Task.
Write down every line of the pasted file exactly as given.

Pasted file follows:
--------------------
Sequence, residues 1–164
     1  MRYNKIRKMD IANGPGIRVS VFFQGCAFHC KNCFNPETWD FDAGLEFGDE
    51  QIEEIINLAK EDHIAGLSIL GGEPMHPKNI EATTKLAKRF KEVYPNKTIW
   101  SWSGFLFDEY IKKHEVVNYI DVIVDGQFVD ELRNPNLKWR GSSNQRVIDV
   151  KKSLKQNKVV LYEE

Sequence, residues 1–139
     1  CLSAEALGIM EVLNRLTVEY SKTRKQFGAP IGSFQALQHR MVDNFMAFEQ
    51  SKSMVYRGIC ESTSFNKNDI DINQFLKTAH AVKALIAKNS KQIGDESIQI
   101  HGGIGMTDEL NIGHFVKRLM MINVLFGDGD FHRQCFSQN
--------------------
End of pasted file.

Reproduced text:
Sequence, residues 1–164
     1  MRYNKIRKMD IANGPGIRVS VFFQGCAFHC KNCFNPETWD FDAGLEFGDE
    51  QIEEIINLAK EDHIAGLSIL GGEPMHPKNI EATTKLAKRF KEVYPNKTIW
   101  SWSGFLFDEY IKKHEVVNYI DVIVDGQFVD ELRNPNLKWR GSSNQRVIDV
   151  KKSLKQNKVV LYEE

Sequence, residues 1–139
     1  CLSAEALGIM EVLNRLTVEY SKTRKQFGAP IGSFQALQHR MVDNFMAFEQ
    51  SKSMVYRGIC ESTSFNKNDI DINQFLKTAH AVKALIAKNS KQIGDESIQI
   101  HGGIGMTDEL NIGHFVKRLM MINVLFGDGD FHRQCFSQN